SAN JOSE, Calif. Intel Corp. announced at Computex plans for its next-generation Atom processor for tablets and netbooks. Oak Trail is an integrated SoC that will sample in early 2011 sporting a 50 percent reduction in average power consumption and support for high definition video, Intel said.
Like Intel's existing Atom chips, Oak Trail will support Windows 7, Google Android and the merged Intel and Nokia mobile Linux software called MeeGo. As part of an Intel keynote at Computex, Acer chief executive Gianfranco Lanci said his company will make netbooks and tablets based on Oak Trail and MeeGo.
Intel has been driving mobile Linux for devices just as its PC partner Microsoft has been supporting ARM-based mobile processors. "MeeGo's open software platform will present our customers with another choice of a friendly, easy-to-use operating system, said Lanci in an Intel press statement.
Separately, one of Acer's systems rivals, AsusTek, announced at Computex a PC tablet for consumers based on Windows 7 and Atom.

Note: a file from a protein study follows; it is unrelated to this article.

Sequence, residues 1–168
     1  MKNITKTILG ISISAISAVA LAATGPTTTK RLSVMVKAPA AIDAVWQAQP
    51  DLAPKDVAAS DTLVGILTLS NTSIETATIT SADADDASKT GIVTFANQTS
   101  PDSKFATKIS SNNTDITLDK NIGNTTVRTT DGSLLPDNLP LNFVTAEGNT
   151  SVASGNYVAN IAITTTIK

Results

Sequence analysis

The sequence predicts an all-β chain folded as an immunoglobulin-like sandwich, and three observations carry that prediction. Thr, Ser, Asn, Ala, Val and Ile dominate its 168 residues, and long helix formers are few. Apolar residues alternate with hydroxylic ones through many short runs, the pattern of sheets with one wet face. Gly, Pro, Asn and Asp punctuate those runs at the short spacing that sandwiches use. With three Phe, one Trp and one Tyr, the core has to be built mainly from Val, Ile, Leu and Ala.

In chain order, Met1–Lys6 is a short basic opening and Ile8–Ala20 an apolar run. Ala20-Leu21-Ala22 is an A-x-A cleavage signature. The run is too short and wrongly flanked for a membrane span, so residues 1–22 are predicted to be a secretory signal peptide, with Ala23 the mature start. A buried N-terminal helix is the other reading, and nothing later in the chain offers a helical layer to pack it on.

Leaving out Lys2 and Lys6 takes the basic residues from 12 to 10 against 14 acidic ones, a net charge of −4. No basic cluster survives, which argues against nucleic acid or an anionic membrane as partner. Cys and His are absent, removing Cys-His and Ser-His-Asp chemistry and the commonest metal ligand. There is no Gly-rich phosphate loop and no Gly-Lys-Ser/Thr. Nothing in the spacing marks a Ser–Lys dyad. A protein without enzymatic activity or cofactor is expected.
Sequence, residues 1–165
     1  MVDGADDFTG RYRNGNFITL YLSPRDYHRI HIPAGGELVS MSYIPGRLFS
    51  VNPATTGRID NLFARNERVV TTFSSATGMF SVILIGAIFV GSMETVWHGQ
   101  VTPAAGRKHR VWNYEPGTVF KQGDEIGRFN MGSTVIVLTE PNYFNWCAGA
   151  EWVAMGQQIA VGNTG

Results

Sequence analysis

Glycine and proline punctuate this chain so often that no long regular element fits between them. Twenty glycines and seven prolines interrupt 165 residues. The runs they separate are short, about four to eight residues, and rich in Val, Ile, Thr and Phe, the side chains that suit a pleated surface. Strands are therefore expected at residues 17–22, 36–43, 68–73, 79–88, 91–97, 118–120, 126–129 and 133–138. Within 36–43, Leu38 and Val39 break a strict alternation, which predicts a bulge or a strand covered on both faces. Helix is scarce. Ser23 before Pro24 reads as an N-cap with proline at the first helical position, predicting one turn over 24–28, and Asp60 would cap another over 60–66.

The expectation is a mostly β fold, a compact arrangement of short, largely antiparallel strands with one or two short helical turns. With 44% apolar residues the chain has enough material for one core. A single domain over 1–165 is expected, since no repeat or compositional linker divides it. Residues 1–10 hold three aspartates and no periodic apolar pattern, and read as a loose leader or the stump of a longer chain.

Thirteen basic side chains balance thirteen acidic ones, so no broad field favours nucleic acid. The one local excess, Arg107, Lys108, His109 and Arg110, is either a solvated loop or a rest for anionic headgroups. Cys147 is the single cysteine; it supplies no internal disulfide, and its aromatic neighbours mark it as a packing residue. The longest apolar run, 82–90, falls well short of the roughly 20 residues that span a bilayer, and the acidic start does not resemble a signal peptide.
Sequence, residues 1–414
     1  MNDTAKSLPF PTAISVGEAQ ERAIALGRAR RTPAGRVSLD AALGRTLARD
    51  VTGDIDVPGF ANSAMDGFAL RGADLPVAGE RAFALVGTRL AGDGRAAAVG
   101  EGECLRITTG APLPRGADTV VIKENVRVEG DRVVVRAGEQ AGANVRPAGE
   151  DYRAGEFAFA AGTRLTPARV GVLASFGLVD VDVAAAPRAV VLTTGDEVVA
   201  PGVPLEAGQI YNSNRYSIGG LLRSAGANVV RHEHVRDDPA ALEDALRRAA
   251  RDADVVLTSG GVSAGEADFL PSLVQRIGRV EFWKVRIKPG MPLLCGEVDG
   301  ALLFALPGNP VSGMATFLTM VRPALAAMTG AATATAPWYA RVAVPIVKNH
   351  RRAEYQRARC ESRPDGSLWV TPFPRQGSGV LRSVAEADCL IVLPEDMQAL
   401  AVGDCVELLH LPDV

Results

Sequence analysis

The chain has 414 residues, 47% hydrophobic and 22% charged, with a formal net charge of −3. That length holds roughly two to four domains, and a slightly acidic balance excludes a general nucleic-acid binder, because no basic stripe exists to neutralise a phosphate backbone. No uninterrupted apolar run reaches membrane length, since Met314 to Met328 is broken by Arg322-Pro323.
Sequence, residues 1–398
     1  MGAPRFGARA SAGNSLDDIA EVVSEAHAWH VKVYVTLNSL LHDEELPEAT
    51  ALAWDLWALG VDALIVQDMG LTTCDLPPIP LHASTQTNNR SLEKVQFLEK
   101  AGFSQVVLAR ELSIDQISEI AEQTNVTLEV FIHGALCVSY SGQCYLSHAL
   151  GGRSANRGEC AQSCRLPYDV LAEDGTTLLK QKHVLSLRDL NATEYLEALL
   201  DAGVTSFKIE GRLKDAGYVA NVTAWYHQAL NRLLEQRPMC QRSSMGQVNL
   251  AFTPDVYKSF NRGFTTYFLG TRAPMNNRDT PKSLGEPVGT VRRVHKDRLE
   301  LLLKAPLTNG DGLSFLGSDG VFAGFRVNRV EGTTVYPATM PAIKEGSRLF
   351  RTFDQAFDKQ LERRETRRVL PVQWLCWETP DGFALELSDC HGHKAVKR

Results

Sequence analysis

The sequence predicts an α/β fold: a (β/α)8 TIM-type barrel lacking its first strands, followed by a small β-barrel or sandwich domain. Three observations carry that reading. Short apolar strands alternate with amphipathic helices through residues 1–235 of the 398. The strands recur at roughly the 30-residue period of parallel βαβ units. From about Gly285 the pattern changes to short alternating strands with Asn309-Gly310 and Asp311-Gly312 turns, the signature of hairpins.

Intel's Oak Trail chip is another data point in Intel's effort to extend beyond its traditional PC business, in part through a new system-on-chip initiative the company has pushed for several years. However to date most of Intel's Atom business has been in netbooks which have designed in 50 million of the low power x86 processors in the past two years, Intel said.
Last month, Intel announced its first design win in a digital TV. Sony will use Intel's Sodaville Atom-based SoC in a Web-connected set running GoogleTV software. Intel also said Chinese carmaker HawTai Automobile will use its MeeGo software in a future in-vehicle-infotainment system.
As part of his Computex keynote, Dadi Perlmutter, co-general manager of Intel's Architecture Group also gave an overview of Intel's next-generation architecture code named Sandy Bridge. The 32nm architecture will include designs that merge graphics and processor cores, targeted to be in production late 2010.